Okay I’ll come clean, I’m using these as storage buckets but they are actually waste paper bins.
I originally bought two Needcraft bin making kits for our upgraded study (pics coming soon) and our ‘continual work in progress’ bedroom. The kit is really easy to use with simple step by step pictorial instructions, I’m not a particularly neat sewer so I like a no-sew quick fix when I can.
The thing is when I made the bins and I didn’t have the heart to put rubbish in them.
As I’m aiming for a relaxing cool blue vibe in my bedroom and I covered the first ‘bin’ in my storm-grey Scandi leaves fabric from my Spoonflower shop.
I was really happy with the end result, so much so that I really couldn’t face filling it with make-up removing cleansing wipes, laddered tights and other bedroom rubbish stuff. It looked too pretty!
So, inspired by a rather nifty idea from Black Parrots Studio’s Sarah Mitchenall on her first round of The Great Interior Design Challenge my bin turned into a book bucket, which has proved to be very handy, as the one thing our house has got is an abundance of books. So this now lives at the bottom of our bed for all our reading needs.
Now the study REALLY needed a bin so I set about making the next one in my tropical trio design, also available at my Spoonflower shop.
Because the instructions are so easy to follow you can make these bins in minutes with either fabric or paper. I’ve had this tropical design for a while and, although I loved it, I was at a loss as to what to do with it. However the fabric’s subtle hues and graphic design suits our workspace perfectly.
And you see that was the problem – too nice. Once I finished that one I could not face using it as a place to throw receipts and scrap paper for recycling. I do however have lots of gift wrap, large format paper, bookbinding cloth and posters I need to keep in one place so my tropical bloom bucket is being used for precisely that.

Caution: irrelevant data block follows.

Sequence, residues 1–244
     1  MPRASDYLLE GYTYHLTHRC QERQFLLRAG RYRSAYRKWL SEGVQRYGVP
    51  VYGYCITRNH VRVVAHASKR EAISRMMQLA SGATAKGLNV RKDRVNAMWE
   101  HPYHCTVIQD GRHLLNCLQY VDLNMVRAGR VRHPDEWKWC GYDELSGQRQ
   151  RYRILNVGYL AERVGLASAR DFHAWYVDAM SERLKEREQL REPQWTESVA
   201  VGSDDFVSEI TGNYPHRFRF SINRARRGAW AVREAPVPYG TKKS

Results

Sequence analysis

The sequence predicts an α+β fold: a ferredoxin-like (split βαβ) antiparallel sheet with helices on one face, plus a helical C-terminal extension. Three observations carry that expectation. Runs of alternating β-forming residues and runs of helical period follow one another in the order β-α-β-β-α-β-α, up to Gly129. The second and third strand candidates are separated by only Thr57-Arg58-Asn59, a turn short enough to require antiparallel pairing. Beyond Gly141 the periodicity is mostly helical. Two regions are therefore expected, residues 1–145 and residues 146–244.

Last Sunday I got to spend time in our little garden while doing some quick garden furniture maintenance. As you can see above, the folding chairs we’ve had for well over a decade have taken the force of some dismal British winters – and summers, for that matter – first on our London balcony and then here in Wivenhoe. Of course we should have moved them indoors when it rained – but when it rained it was rainy, so we didn’t venture outside. In winter we’d forget about them. Surely we’re not the only ones!
I recently got hold of some really rather lovely Chalky Finish paint from Americana Decor. It’s a matte chalk paint that doesn’t need priming or wood to be sanded down before using – perfect to upgrade an old piece of furniture when you’re short on time (or perhaps just a little lazy). To protect the surface the quick-drying paint is finished with a choice of waxes and varnishes. It really was so simple to apply.
The chair was finished in less than a couple of hours– which left me free to enjoy the late-afternoon sunshine.